| GLOBAL 20
What makes a law firm truly global? What does it take to handle the biggest and most complex cross-border matters? These firms know. Here, Law360 reveals its eighth annual ranking of the firms with the most international clout.
With Britain less than a year from exiting the European Union, firms on Law360’s Global 20 have begun pushing deeper into the countries remaining in the bloc, adding offices and industry specialists in a shift that could rebalance how BigLaw works in the region.
Setting up shop across the globe may seem impossible for smaller law firms, but it can be done — and it’s not the only way to get business overseas. Here, Law360 looks at what firms should think about when deciding whether, and how, to go global.
Barnes & Noble Inc. fired its second CEO in as many years, removing Demos Parneros from the helm of the bookseller for unspecified company policy violations and declining to pay him severance on the advice of Paul Weiss Rifkind Wharton & Garrison LLP, the company said Tuesday.
Browning-Ferris Industries urged a D.C. Circuit panel in oral arguments Tuesday not to resume review of an Obama-era decision from the National Labor Relations Board against the company expanding the joint employer standard that controls when multiple companies can be deemed responsible for workers.
The Fair Labor Standards Act celebrated its 80th birthday last week, and legal experts on both sides of the worker-management divide say the landmark law is showing its age. Here, Law360 looks at how employment attorneys who represent workers say Congress should bring the statute into the 21st century.
Over the past week, the U.S. Equal Employment Opportunity Commission has launched a suit accusing a Hawaii health plan of putting in place an illegal policy that barred disabled workers from taking intermittent leave and reached a $140,000 deal to end its suit accusing a California-based supermarket chain of discriminating against a clerk who was a Jehovah’s Witness.
Attorney General Jeff Sessions on Tuesday rescinded 24 U.S. Department of Justice guidance documents that he considered “unnecessary, outdated, inconsistent with existing law, or otherwise improper,” striking down Obama-era stances on issues like affirmative action, refugees’ right to work and juveniles in the criminal justice system.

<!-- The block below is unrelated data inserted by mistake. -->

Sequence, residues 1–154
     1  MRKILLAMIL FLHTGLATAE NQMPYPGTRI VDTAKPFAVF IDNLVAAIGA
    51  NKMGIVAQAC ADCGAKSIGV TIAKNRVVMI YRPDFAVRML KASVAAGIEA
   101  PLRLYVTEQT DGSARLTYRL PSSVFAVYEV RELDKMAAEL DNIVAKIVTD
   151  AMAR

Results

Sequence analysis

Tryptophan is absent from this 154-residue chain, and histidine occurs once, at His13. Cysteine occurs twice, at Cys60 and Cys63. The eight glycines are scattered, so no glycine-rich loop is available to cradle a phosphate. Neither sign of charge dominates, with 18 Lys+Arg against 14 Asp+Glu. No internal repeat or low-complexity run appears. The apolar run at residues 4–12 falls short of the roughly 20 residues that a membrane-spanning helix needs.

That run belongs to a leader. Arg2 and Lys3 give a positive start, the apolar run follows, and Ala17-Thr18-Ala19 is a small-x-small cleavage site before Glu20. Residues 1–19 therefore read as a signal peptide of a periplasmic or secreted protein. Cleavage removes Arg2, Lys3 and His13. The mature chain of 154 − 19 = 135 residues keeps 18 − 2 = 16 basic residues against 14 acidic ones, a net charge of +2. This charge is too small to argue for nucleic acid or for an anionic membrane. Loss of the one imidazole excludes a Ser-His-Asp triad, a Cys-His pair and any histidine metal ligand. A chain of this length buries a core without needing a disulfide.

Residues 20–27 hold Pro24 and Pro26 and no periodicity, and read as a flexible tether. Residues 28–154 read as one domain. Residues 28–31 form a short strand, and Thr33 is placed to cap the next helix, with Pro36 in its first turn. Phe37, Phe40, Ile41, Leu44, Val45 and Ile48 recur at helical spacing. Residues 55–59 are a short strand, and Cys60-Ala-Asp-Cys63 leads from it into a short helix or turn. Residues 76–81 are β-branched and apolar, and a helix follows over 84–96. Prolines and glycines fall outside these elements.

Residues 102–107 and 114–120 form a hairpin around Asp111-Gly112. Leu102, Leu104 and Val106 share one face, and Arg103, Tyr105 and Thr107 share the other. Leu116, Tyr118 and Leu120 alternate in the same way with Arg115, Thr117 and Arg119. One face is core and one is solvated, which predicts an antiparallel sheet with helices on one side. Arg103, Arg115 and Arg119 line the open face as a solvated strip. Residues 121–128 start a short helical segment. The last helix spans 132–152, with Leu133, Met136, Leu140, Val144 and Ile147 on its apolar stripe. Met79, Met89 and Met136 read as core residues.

Dassault Falcon Jet Corp. again escaped accusations of age and disability discrimination Tuesday, after an Eighth Circuit panel affirmed that a former employee was physically unable to do his job, even with accommodations, and couldn’t claim his firing was discriminatory.
The Third Circuit said in a published decision on Tuesday that jurors should decide whether a Pennsylvania county took reasonable care to protect employees from workplace harassment, and whether a woman who accused her boss of making unwanted sexual advances took full advantage of those protections.
The Equal Employment Opportunity Commission on Tuesday filed suit in Texas federal court against Halliburton Energy Services Inc. over accusations that it discriminated against two workers in part because of their Muslim religion, refusing to take action over racial insults and other derogatory treatment.
A pair of former The Weinstein Co. directors have asked a New York federal judge to let them out of a putative class action filed by actresses accusing Harvey Weinstein of sexual assault, saying they joined the company’s board too late to be held responsible for Weinstein’s alleged behavior.
Federal Communications Commission Chairman Ajit Pai proposed a plan Tuesday that would enhance the commission’s enforcement resources to investigate discrimination in the communications industry.
WAGE & HOUR
The Eighth Circuit ruled Tuesday that a restaurant shouldn’t be held in civil contempt for not turning over documents about its owners’ other businesses to the U.S. Department of Labor since it didn’t have those documents in its possession, adding that the agency isn’t allowed to use judicial contempt orders to essentially mount a “fishing expedition.”
General Assembly Space Inc. has agreed to pay 1,200 former and current instructors $1 million to settle allegations the for-profit online coding school misclassified them as independent contractors and as a result failed to pay them minimum and overtime wages, according to documents filed in California federal court Monday.